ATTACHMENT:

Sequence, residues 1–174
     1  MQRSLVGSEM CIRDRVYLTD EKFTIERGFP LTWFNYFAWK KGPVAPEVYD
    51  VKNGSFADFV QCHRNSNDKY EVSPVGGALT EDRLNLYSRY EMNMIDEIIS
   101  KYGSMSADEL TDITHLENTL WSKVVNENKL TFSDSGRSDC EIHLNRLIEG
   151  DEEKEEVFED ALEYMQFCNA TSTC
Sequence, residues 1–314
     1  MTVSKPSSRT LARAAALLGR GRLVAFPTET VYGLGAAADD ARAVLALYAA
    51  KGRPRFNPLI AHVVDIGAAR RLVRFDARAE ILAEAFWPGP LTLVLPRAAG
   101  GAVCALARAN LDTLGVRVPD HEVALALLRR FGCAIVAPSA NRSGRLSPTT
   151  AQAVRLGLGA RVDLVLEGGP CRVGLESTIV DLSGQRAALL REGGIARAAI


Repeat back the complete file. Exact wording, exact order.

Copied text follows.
Sequence, residues 1–174
     1  MQRSLVGSEM CIRDRVYLTD EKFTIERGFP LTWFNYFAWK KGPVAPEVYD
    51  VKNGSFADFV QCHRNSNDKY EVSPVGGALT EDRLNLYSRY EMNMIDEIIS
   101  KYGSMSADEL TDITHLENTL WSKVVNENKL TFSDSGRSDC EIHLNRLIEG
   151  DEEKEEVFED ALEYMQFCNA TSTC
Sequence, residues 1–314
     1  MTVSKPSSRT LARAAALLGR GRLVAFPTET VYGLGAAADD ARAVLALYAA
    51  KGRPRFNPLI AHVVDIGAAR RLVRFDARAE ILAEAFWPGP LTLVLPRAAG
   101  GAVCALARAN LDTLGVRVPD HEVALALLRR FGCAIVAPSA NRSGRLSPTT
   151  AQAVRLGLGA RVDLVLEGGP CRVGLESTIV DLSGQRAALL REGGIARAAI